Creativity transcends material. The truly creative artist can work with material that appears to have reached its final expression, reworking and reshaping the existing into new forms, drawing out detail and design that might be hidden from the rest of us. Look at the junk-art collages of Robert Rauschenberg or the Eastern European folk-song themes in Bartók or Stravinsky – or, closer to our line here, the recasting of the blues in the hands of Duke Ellington.

Sydney tenor giant James Ryan – as well as being a startling instrumentalist – is a truly gifted and, in a world where the word has been buffed clean of all its edge, a truly creative composer and arranger. He recently arranged a selection of Ray Charles tunes for his powerhouse big band, The Sonic Mayhem Orchestra, a collection of Sydney’s best and brightest and that rare bird: a large ensemble bristling with astonishing soloists that play as an ensemble, as one.

For their September 20 show at Blue Beat – a chic and funky nite spot on possibly Sydney’s most unfunky strip, Double Bay’s Cross St – The Sonic Mayhem Orchestra took on George Gershwin’s 1935 “American folk opera” ‘Porgy and Bess’.

Or rather, James Ryan’s 2012 take on Gil Evans’ 1958 take on George Gershwin’s 1935 ‘Porgy and Bess’. Creativity transcends material.

In 1958, Gil Evans and Miles Davis – after the critical and artistic success of the previous year’s ‘Miles Ahead’ – re-imagined ‘Porgy and Bess’ in a challenging and truly modern way. Evans’ idea of harmony and timbre took much from 20th century European classical music and stretched jazz writing out of shape, paving the way for the almost entirely impressionistic ‘Sketches of Spain’ two years later.

I was very excited to see how James Ryan, as uncompromising an arranger as Gil Evans himself, would cast Evans’ arrangements and harmonies.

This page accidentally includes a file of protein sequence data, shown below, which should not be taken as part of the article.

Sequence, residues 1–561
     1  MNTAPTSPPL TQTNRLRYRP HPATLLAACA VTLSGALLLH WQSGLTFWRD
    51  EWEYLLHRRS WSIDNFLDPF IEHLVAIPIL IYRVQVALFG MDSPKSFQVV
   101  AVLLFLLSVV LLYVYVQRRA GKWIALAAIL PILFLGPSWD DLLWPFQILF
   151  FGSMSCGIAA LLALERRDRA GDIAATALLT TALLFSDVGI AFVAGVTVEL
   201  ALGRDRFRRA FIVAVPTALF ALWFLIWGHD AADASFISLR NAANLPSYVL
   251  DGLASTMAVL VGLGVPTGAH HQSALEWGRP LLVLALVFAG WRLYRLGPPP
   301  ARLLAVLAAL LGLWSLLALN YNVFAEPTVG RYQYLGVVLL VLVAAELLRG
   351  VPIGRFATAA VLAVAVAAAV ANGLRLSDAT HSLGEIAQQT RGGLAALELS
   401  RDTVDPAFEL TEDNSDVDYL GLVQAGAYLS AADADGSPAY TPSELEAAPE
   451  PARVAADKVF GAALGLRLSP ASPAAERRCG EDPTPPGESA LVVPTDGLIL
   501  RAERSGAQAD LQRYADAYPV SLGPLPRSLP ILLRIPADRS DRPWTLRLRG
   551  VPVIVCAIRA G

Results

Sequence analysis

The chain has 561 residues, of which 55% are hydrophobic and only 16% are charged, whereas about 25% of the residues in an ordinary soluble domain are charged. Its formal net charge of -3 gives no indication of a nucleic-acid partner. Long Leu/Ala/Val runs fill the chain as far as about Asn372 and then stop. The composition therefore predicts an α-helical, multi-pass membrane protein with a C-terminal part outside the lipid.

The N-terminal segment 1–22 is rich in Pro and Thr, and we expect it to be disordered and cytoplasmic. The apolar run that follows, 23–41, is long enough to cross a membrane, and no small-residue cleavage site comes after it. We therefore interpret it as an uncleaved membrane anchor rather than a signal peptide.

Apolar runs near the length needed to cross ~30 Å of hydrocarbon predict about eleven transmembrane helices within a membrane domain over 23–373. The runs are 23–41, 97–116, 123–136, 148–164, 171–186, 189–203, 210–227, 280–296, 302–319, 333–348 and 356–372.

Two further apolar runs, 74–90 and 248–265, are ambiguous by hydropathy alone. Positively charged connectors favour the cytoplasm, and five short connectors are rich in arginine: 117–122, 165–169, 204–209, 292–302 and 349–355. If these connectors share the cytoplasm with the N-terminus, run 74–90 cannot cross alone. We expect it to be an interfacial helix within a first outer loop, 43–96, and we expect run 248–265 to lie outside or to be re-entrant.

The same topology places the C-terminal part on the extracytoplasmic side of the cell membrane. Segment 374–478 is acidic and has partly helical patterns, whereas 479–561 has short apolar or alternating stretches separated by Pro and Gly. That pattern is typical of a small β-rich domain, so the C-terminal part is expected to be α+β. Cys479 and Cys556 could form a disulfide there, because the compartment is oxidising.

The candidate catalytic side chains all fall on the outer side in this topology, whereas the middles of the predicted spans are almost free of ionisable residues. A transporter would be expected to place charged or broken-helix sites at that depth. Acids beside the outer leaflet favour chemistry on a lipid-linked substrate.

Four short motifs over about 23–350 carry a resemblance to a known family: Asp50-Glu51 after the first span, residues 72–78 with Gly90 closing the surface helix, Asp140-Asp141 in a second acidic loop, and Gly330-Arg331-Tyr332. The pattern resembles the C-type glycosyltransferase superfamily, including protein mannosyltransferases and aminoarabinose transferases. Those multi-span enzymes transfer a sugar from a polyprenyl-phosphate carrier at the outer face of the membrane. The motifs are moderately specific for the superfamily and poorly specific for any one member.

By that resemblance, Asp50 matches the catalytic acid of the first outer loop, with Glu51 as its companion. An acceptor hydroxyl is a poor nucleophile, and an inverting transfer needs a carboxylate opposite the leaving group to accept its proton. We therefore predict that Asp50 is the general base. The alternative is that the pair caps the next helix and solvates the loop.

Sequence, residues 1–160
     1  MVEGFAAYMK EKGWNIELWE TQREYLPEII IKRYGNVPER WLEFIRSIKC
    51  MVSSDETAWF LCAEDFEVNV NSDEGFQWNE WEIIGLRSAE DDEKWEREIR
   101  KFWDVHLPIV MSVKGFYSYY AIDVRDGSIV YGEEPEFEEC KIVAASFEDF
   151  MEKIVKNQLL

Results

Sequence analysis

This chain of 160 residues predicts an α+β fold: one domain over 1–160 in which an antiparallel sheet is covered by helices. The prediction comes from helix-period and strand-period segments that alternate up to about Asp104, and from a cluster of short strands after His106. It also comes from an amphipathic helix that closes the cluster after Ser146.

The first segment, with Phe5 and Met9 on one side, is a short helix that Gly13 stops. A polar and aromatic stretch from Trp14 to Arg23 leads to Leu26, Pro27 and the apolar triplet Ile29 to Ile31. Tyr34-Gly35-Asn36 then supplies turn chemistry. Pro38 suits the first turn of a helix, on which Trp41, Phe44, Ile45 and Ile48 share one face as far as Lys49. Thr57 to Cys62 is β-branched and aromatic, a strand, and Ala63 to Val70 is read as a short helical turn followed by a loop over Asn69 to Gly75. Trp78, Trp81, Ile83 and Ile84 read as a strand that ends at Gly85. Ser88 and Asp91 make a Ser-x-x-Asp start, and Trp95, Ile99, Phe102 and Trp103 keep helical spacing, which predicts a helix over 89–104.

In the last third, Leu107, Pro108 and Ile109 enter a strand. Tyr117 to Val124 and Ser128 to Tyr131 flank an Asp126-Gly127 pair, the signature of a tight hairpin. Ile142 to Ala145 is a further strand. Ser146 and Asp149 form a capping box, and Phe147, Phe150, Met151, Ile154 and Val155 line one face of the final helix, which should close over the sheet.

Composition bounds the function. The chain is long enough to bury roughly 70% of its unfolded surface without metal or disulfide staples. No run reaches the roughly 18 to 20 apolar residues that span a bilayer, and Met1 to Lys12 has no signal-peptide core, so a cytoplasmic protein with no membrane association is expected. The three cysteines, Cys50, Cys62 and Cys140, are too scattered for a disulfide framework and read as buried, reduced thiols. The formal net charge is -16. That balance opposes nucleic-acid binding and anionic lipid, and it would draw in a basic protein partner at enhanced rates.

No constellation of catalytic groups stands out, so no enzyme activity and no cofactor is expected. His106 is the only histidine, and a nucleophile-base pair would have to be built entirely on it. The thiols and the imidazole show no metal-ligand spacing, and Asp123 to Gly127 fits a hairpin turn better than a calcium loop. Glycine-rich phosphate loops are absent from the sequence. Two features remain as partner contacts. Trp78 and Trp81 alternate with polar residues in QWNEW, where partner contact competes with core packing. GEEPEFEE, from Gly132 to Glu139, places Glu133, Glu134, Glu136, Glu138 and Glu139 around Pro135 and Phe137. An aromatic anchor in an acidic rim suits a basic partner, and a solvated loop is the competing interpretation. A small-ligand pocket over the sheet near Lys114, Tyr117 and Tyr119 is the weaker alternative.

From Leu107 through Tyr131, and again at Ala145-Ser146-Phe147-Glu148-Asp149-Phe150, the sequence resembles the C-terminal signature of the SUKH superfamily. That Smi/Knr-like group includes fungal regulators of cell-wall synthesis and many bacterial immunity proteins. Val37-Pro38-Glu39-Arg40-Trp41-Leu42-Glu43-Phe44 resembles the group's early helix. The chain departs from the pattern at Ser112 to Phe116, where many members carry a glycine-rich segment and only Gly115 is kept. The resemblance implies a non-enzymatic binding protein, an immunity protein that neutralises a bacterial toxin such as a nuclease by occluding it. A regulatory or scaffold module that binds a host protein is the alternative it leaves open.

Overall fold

The opening set began with a soulful chart from the pen of trombonist Dave Panichi and the power and cohesion of the band was evident – they ‘felt’ the colours and textures of that chart and those that followed almost preternaturally. As I say, a rare bird. The street-tough reading of Charles Mingus’s thrilling ‘Boogie Stop Shuffle’ – with a bluesy solo-bass intro from Karl Dunnicliff and a rousing series of chase-choruses from alto players Kim Lawson and Aaron Michael – and the Eastern flavoured arrangement of ‘You Go To My Head’ – with bass clarinet musings from the almost-mystic Paul Cutlan – took my breath away.

The ‘Porgy and Bess’ set began with ‘Summertime’ – a smart choice as it is the most emblematic tune from the opera, but smart also because the arrangement showed how far Ryan had taken the music from its source. All that was left it seemed was Gil Evans’ rhythmic (and rhythmically displaced) horn section vamps behind the solos and a suggestion of melody here and there. It laid out the mission statement for what was to come.

The set was hung on a series of monologues from singer Trish Delaney-Brown, bridging the pieces with snatches of lyrics, spoken rather than sung. Delaney-Brown’s voice was also written into much of the music as a wordless vocalese ‘instrument’ which worked beautiful, adding ‘air’ to some of the phrases and brass block chords.

There were snatches of the Evans arrangements throughout but Ryan had taken what he wanted and re-built the music for his Band. And he had mixed up the earth with the ether – sure, there were gorgeously voiced, impressionistic pieces such as the lovely ‘I Loves You, Porgy’ and the street-joyous ‘There’s a Boat Leaving’ (with a burnished brass-choir intro; great writing!) – but, like Charles Mingus, he never shied away from a groove.

The Kim Lawson showcase, ‘It Ain’t Necessarily So’ swung with real soul and flow. Ryan’s own tenor feature, ‘A Red Headed Woman’ was as raw and intense as I have heard. Delaney-Brown’s fragment of lyric which introduced the piece mentioned one of the opera’s characters answering a devout chorus with ‘vulgar’ speech – and, yes, Ryan answered the Band’s ‘devout’ chorus with many Pharoah Sanders ‘vulgarisms’ but also sheets and sheets of Coltrane joy.

The set wound up with ‘Gone’, featuring drummer Nic Cecire who worked his way through the twisted mirror-maze of accents and grace-beats. (Even the drummer on the 1958 recording stumbles and trips on a few of these; it’s true – have a listen). His ease and passion was typical of the whole thing – Ryan and the band had really delivered a brilliant take on an already iconic work in Jazz. That James Ryan had not just charted the Gil Evans/Miles Davis arrangements note for note reinforced to me what Jazz should be about –moving ever forward, on the wings of the past.

 

Published September 2102 on jazz-planet.com

 

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